Aortic replacement surgery has become a well-established procedure. Many substances have been used as vessel substitutes. The picture is slowly clearing; some substances have been tried and rejected; others continue to show promise.
Regardless of the type of graft available, the problem of proper size and shape remains. All too often an otherwise ideal procedure must be partially compromised by the necessity of adapting the graft available to the host's remaining vessels. Complicated plastic tailoring of the graft or host vessel becomes necessary to accomplish a functional anastomosis.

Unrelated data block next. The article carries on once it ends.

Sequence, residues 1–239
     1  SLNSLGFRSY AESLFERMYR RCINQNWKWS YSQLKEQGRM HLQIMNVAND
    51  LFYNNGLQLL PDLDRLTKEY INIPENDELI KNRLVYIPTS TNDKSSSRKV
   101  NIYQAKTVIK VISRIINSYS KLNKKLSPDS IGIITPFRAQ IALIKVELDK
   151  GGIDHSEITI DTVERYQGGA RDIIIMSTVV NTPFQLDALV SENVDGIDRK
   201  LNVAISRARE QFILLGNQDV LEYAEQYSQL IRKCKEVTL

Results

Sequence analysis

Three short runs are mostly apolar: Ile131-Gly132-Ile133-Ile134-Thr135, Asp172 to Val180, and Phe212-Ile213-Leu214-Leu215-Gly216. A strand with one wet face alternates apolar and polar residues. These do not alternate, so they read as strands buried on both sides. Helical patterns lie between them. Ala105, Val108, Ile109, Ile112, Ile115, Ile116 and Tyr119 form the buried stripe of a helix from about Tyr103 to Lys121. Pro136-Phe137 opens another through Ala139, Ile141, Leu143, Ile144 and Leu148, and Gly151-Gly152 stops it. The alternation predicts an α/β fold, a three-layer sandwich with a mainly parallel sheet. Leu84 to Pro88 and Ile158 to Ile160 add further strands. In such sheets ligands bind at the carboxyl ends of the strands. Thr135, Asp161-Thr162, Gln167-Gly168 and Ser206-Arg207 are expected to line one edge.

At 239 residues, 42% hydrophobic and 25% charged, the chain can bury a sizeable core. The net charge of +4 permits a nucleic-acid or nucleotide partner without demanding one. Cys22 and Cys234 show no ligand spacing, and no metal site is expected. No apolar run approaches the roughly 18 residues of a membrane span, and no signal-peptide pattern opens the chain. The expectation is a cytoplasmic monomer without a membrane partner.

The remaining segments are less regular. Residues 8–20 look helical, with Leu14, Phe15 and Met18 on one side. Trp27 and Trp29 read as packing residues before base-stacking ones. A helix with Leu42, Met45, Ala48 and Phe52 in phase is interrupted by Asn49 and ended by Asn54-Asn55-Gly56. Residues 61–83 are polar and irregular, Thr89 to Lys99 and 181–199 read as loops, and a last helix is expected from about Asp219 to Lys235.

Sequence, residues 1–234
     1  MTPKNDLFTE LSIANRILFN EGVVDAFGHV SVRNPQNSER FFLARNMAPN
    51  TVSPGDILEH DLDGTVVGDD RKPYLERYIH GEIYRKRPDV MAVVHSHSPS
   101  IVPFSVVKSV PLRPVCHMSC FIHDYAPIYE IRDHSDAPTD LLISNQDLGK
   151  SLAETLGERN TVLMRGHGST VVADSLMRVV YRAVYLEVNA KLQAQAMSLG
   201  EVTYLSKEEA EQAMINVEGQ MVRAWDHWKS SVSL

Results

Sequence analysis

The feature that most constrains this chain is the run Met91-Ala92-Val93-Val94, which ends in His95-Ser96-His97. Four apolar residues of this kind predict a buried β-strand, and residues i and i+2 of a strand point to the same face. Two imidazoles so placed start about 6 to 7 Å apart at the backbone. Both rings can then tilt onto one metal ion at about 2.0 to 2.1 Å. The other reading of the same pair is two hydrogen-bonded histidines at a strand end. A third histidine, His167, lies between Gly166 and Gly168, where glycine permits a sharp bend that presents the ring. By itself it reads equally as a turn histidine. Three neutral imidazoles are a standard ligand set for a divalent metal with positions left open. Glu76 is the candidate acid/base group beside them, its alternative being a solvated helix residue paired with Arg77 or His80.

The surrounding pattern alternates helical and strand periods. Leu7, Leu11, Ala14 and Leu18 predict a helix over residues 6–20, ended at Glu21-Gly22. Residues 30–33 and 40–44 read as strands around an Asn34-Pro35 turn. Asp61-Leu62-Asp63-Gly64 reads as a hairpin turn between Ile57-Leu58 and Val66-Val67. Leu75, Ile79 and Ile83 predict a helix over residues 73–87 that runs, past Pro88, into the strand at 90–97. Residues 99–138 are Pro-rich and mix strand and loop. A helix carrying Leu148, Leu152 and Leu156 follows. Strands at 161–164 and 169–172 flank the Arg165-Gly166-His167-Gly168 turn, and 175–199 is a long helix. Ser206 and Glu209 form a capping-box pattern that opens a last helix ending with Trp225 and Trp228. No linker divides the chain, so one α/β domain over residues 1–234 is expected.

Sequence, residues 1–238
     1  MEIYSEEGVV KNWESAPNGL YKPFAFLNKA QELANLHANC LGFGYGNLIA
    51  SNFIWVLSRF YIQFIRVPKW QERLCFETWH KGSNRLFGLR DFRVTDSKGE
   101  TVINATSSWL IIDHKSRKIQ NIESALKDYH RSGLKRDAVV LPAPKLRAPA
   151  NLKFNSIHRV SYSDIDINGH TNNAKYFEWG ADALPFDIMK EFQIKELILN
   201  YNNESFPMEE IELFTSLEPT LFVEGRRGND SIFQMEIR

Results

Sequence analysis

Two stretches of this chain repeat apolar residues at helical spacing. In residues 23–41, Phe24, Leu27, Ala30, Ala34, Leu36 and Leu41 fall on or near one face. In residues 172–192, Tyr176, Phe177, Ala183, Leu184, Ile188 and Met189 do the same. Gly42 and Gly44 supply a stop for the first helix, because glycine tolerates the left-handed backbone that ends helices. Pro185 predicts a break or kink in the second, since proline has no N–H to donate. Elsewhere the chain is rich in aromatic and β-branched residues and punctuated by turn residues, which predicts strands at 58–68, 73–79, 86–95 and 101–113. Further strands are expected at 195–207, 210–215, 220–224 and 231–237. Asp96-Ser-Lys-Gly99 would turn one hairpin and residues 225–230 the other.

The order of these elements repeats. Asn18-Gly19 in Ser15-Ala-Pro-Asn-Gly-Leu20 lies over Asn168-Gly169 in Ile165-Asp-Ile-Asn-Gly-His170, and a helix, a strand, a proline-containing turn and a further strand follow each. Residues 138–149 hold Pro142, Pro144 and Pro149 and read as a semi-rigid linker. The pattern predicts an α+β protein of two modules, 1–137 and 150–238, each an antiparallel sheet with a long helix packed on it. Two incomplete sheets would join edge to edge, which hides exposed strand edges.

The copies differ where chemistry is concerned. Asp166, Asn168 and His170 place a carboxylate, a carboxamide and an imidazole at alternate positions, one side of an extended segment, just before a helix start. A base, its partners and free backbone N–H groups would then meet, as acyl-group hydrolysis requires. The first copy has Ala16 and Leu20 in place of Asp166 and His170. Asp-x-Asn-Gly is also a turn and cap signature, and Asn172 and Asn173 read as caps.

This is particularly true when homografts are used. The diseased aorta is often dilated and the diameter of the homograft, selected because of its lack of disease, is significantly smaller.
Our investigations have indicated that polyvinyl formalinized (Ivalon) sponge is superior to homografts for large-caliber vessels not traversing flexion creases. In this respect, we are in agreement with the recent excellent presentation
FITCH EA, DENMAN FR. An Adjustable Aortic Graft. AMA Arch Surg. 1957;75(6):1027–1028. doi:10.1001/archsurg.1957.01280180159025
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